Set the bar in front of the tires and push one elbow against the sidewall. Walk to the other side and measure the gap. I tug lightly first to be sure any slack is out, and write the gap in chalk on the ground. Then move the bar to the rear side of the tires and repeat. Subtract the two gap measurements to get total toe. Remember if the gap is wider at the back of the tire, you have toe out.

There are some tricks to keeping the steering centered. I like to drive down the center of the street for a couple hundred feet and place a piece of masking tape at 12 O'clock on the steering wheel. If the tape winds up in center of the wheel, I change toe equally on both sides. If the wheel runs at a slight angle, I compensate with my adjustments. Takes a little thought but you'll figure it out. The tape is so I don't have to rely on my crappy memory.

The trammel bar is maybe six feet long, so not likely to accompany me to the track. A more compact method is toe plates. I bought these:

http://www.longacreracing.com/catalog/item.asp?id=152&catid=5

I paid about $50 for them. You could make something for free. Look around on their site for instructions and technical discussions on how they set toe. They're somewhat more serious about it than I am.
 

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Yeah I dont think I get anymore free alignments, My hook up got transfered. :(. Still havnt gone back so I dont know.
 

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alignments? i went to firestone within the last year and got 3 with the suspension and everything i did. need to go back this weeks with the coiliovers im about to install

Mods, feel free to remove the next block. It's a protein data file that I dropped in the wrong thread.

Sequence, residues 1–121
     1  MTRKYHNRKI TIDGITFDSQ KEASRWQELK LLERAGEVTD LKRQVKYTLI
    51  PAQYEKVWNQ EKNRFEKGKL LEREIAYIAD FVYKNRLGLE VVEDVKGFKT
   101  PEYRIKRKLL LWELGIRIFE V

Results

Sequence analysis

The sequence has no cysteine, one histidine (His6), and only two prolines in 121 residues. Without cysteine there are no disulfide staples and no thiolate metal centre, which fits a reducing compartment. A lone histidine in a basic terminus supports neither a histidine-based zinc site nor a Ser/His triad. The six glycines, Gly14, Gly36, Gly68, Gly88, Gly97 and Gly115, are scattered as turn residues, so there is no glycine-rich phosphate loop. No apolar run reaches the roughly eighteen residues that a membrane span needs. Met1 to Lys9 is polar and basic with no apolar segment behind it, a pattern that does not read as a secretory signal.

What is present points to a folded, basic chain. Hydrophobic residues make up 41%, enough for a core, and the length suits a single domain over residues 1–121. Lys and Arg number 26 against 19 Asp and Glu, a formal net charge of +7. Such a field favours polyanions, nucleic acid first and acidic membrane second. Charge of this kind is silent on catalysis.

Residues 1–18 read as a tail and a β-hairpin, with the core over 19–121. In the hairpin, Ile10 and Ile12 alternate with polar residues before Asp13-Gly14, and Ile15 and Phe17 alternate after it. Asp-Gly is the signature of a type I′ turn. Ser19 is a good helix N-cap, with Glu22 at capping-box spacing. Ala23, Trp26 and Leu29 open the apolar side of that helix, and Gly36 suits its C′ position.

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Fine... How much camber are you guys running in the rear for GS???? Want to try something different but dont want to sacrafice DDing the car with lots of camber.
 

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Well Dojaguy then you're a natural for DIY.
no time man

too busy workin on other peoples cars

what part of cali are u in? ill pay you top dollar to do mine. :money:

also all the beer you can drink and we can grill up some asada and grilled veg :smoke:
 

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Discussion Starter #9 (Edited)
Adjusting Front Toe

Back to the thread topic. In post 1 we discussed how to measure toe. Now how to adjust it. Toe adjustments aren't difficult, but it's easy to get confused and adjust the wrong way. Just pay attention and check your work.